If all efforts to reach a reasonable agreement or recover the debt fail, the bank reverts to possessing the item—usually a house or car—used as collateral. This is a last resort that the bank isn’t keen on exercising, another banker told TechCabal. “We detest having to possess people’s lands or houses, which serve as collateral; the bank is not into real estate,” he said.
How did lending apps come into the picture?
For a long time, Nigerian banks preferred to lend to businesses and not individuals. This led to the rise of new lenders like Carbon (formerly Paylater), Renmoney, and Branch that have filled the gap by offering quick loans through smartphone apps.
Temi Sodipo, a credit risk analyst recalls the early days when there were only a few prominent Nigerian digital lenders like Renmoney and Paylater. But, as the years went by, new digital lenders popped up at different corners. People were at first skeptical but, over time, consumer confidence grew.
“I remember in late 2017 when we disbursed ₦1 billion ($1.8m) in loans at Renmoney, we had a party to celebrate. In early 2019, when we issued ₦4 billion ($7.3m) loans, it was just a normal month,” he said.
With more digital lenders coming into the space, Sodipo believes that, despite the fact that many claim they’re getting more people financially included, most digital lenders serve the same set of people because the terms for accessing the loans are similar. The terms include a six-month-long bank statement, verifiable government ID, employment letter, or work email verification.
He believes this has created an avenue for a few ambitious players who wanted a slice of the market to become lax with their rules. Some digital lenders even started giving out loans to people with bad ratings on credit bureau—an obvious red flag.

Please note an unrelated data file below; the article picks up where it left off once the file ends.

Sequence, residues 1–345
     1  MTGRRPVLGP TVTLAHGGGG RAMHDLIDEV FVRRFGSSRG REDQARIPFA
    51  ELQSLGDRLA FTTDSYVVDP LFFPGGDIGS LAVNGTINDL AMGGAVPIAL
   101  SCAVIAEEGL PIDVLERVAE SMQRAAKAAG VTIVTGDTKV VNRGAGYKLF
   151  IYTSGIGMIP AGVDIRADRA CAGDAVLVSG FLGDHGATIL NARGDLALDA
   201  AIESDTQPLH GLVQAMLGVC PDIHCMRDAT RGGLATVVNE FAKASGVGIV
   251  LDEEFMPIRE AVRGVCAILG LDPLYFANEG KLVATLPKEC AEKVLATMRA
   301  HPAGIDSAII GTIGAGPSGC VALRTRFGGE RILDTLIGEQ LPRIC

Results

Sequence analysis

“It’s no wonder why they turn to desperate debt collection measures as they contend with a high rate of default. It’s simply bad underwriting and not paying attention to basic credit risk principles,” Sodipo said.
Commercial banks also started dishing out instant loans
In 2020, at least half of the 22 existing Nigerian commercial banks started offering instant loan products without collaterals, something that was unheard of years ago. What was the driver of this move? A new directive by the Central Bank of Nigeria (CBN).
In July 2019, the CBN announced an increase in the required minimum Loan-Deposit Ratio (LDR) of commercial banks to 60% from 57.64%. At the end of September, it further increased the LDR to 65%. LDR stipulates the volume of loans a bank must give out as a percentage of its total deposit. In the case of 65% LDR, it meant that if, for instance, a bank has ₦100 billion of customer deposits, it must have at least ₦65 billion issued as loans. The increase was done to encourage commercial banks to issue more loans to individuals and businesses in order to stimulate the economy.
To avoid the sanctions that came with not meeting the LDR, these commercial banks began offering instant loan products without collaterals at risk of high repayment default rate. When debtors defaulted, the banks, however, unlike digital lenders, responded differently to the defaults.